Nearly 140 people in the United States die from a traumatic brain injury (TBI) every day, according to the Centers for Disease Control (CDC).
A TBI is some bump, blow or jolt to the head that disrupts the brain’s function, according to the CDC.
Such a serious medical condition is of interest to those in the neuroscience field, said Bonnie Firestein, a professor in the Department of Cell Biology and Neuroscience, who has done previous research concerning the central nervous system as well as injuries affecting the brain.
“(A) traumatic brain injury can occur in response to a mechanical injury or damage to the brain and brain tissue,” she said. “Processes such as the tearing of axons and dendrites from neurons as well as excess glutamate release occur. This will act to harm neurons, and sometimes it will cause cell death.”
According to the CDC, these injuries effect 1.7 million people per year, of whom 52,000 die annually. Another 275,000 are hospitalized, but the remaining 80 percent of victims are treated and released.
These injuries cost the U.S. economy $60 billion in 2001, and made up 30.5 percent of injury-related deaths in the nation.
Glutamate essentially excites the nerve cells it comes in contact with. An excess of glutamate, can overexcite the nerve cells to the point where it leads to cell damage and even cell death, according to Huntington’s Outreach Project for Education at Stanford (HOPES).
The severity of a TBI can also play a role in mental and physical capabilities, Firestein said.
Consequences include neurocognitive effects and disturbances to personality, but she said the main complaint is memory loss.
Despite these noticeable differences, one cannot truly understand what a person with a TBI is actually going through, said Katerina Liu, a School of Arts and Sciences first-year student.
“(TBI) takes a toll on them physically, mentally and emotionally,” she said. “Taking a hit to the head is a big setback in a lot of ways because the brain before really controlled your entire body, but now you have a limitation as to what you can and can’t do.”
Traumatic brain injuries can place a negative impact on college students as well, impairing a person's focus and retention of information, Firestein said.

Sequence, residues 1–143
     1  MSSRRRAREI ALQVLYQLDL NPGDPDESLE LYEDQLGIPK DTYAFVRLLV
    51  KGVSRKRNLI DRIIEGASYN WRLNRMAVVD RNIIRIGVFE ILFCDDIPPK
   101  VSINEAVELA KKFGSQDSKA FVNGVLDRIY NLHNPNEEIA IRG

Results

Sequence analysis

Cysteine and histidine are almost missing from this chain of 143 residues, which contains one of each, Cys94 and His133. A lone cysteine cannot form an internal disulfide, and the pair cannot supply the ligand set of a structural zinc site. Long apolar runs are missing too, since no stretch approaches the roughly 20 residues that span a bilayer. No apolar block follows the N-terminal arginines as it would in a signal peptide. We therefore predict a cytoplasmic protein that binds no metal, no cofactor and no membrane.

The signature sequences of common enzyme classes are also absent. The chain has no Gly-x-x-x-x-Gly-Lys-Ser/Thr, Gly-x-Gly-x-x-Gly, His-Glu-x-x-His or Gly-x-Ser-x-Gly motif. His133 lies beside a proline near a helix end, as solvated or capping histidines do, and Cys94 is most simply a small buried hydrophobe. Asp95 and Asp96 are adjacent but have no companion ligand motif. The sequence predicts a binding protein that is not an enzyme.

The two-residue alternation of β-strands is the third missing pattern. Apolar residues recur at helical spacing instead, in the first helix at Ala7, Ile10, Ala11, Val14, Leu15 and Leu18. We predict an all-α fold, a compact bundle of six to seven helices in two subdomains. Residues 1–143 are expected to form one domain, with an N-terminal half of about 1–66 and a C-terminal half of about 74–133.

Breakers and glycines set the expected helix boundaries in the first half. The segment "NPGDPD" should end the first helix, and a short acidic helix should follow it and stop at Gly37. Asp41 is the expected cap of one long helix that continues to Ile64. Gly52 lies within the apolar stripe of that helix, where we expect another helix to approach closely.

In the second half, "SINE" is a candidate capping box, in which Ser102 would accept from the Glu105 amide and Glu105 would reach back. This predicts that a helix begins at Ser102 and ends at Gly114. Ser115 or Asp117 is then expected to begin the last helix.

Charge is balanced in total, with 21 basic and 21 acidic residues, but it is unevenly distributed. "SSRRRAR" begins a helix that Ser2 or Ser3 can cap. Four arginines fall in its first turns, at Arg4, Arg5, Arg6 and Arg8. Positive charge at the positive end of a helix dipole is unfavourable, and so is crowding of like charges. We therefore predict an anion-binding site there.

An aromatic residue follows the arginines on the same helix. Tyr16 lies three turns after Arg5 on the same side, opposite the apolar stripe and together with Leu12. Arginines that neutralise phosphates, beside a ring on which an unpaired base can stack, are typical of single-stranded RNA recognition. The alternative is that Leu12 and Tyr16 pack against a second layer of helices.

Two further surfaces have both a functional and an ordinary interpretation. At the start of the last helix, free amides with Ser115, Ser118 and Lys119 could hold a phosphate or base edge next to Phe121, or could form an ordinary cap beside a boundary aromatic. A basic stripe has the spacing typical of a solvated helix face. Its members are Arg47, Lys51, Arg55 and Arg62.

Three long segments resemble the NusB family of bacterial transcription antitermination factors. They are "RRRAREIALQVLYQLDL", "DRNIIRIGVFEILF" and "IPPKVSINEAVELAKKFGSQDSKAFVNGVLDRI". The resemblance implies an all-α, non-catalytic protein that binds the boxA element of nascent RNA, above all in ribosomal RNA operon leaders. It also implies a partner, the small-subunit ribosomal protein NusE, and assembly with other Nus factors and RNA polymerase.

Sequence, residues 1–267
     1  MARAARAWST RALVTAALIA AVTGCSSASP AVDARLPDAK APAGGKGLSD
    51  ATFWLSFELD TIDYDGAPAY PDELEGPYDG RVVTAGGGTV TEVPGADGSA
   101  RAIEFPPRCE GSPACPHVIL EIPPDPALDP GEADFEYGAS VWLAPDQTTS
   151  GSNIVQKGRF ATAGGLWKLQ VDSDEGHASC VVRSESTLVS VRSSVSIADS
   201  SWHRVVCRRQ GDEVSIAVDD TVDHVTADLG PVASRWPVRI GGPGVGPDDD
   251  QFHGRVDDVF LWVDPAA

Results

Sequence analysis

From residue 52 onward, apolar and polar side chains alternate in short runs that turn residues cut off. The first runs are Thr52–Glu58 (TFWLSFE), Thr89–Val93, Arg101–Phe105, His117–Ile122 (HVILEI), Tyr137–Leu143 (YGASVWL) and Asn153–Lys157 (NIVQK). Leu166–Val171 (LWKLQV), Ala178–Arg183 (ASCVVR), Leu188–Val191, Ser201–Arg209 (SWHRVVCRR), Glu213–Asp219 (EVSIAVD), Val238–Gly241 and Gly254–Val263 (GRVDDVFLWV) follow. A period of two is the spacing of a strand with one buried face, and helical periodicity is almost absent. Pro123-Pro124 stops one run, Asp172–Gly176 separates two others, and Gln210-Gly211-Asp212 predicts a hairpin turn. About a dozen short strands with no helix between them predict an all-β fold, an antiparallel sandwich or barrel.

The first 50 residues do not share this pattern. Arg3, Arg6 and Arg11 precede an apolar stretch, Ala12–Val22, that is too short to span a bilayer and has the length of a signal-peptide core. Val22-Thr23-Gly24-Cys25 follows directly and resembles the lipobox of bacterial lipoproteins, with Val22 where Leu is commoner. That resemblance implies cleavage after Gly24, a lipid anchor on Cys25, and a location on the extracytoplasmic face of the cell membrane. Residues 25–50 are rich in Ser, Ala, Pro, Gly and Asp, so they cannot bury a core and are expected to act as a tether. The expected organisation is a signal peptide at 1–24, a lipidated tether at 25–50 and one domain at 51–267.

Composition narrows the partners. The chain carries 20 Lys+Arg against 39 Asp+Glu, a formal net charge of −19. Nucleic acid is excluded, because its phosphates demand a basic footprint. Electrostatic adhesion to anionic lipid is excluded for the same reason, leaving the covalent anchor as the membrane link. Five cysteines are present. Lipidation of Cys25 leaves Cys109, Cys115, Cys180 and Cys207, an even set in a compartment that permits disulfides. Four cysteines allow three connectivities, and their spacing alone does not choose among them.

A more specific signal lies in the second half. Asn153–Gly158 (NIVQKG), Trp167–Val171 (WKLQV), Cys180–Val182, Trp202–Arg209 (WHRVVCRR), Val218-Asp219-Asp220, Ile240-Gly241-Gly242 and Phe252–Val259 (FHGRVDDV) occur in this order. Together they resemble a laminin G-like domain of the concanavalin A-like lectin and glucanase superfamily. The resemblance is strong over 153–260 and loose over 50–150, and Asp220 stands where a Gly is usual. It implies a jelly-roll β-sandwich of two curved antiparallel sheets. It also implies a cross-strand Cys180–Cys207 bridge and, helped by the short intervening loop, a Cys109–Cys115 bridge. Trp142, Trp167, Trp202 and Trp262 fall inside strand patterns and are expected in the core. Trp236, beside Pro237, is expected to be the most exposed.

Receiving a blow to the head is not something college students are too concerned about, yet the consequences could potentially be life-changing, Liu said.
“It can put a strain on a lot of relationships. The person who they knew before might be someone else internally,” she said. “I know that if this were to happen to someone that I knew I would really try to reach out and be a good friend.”
Certain groups are more prone than others to receiving a blow to the head and are advised to be cautious when performing tasks that could increase the likelihood of receiving a traumatic brain injury, Firestein said.
“College students should be fully aware that if they’re engaging in a sport that’s dangerous, they should really keep an eye out for signs that might signify that they’ve had a concussion,” she said.
TBIs are classified as mild, moderate or severe, and further classified as subsets of those levels of severity, she said.
One type of brain injury is a concussion and is classified as a mild traumatic brain injury depending on how mild it is, she said.
These injuries can have both short-term and long-term effects, but protecting against concussions is not necessarily the first priority of college athletes, she said.
Rashmi Pradhan, a School of Arts and Sciences first-year student, believes athletes should practice proper safety.
“When they’re running on the field, they’re not thinking about how they could protect themselves. They’re thinking about getting the ball and running," she said. "So it’s really important that they practice good safety and they have helmets that could absorb the shock of an impact."
There has been an increase in the number of people experiencing traumatic brain injuries due to engagement in military combat, Firestein said.
If someone receives a blow to the head, doctors have methods for treating such injuries. This requires more of a microscopic and biological understanding of what is happening in the brain, she said.
When treating a traumatic brain injury, it is important for doctors and any medical professional to treat what are called secondary injuries, or the lingering effects of the primary injury, as those can cause further damage to neurons, she said.
Merely looking at a patient in order to diagnose a traumatic brain injury is not sufficient. At times, she said it requires additional in-depth testing for an accurate diagnosis.
The quantity of a particular molecule, or biomarker, changes when a person has a disorder, disease or injury. Measuring it in comparison to a normal level could reveal the presence of a TBI.
"When you’re looking for a biomarker for traumatic brain injury, maybe you won’t see the symptoms right away," she said. "But if you take blood and you look for a particular molecule, the quantity might have increased or decreased as opposed to a normal person’s biomarker."
Although there has been a considerable amount of research completed on traumatic brain injury, researchers have only begun to scratch the surface of learning about the inner depths of the brain.
“What’s really fascinating is the fact that suddenly after years of issues, some patients will recover, and we really don’t understand what it is about the brain that would allow it to recover,” Firestein said. “I think there are so many unanswered questions and so much research is needed in (neuroscience).”
Akhil Gumidyala is a School of Environmental and Biological Sciences first-year student. He is a contributing writer for The Daily Targum.